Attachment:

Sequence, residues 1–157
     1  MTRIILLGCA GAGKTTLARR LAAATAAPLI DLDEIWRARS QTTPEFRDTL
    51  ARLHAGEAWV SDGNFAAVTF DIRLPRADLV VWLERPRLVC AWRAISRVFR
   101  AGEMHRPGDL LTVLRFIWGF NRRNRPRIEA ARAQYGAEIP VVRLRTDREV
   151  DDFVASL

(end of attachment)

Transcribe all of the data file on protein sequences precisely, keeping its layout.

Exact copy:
Sequence, residues 1–157
     1  MTRIILLGCA GAGKTTLARR LAAATAAPLI DLDEIWRARS QTTPEFRDTL
    51  ARLHAGEAWV SDGNFAAVTF DIRLPRADLV VWLERPRLVC AWRAISRVFR
   101  AGEMHRPGDL LTVLRFIWGF NRRNRPRIEA ARAQYGAEIP VVRLRTDREV
   151  DDFVASL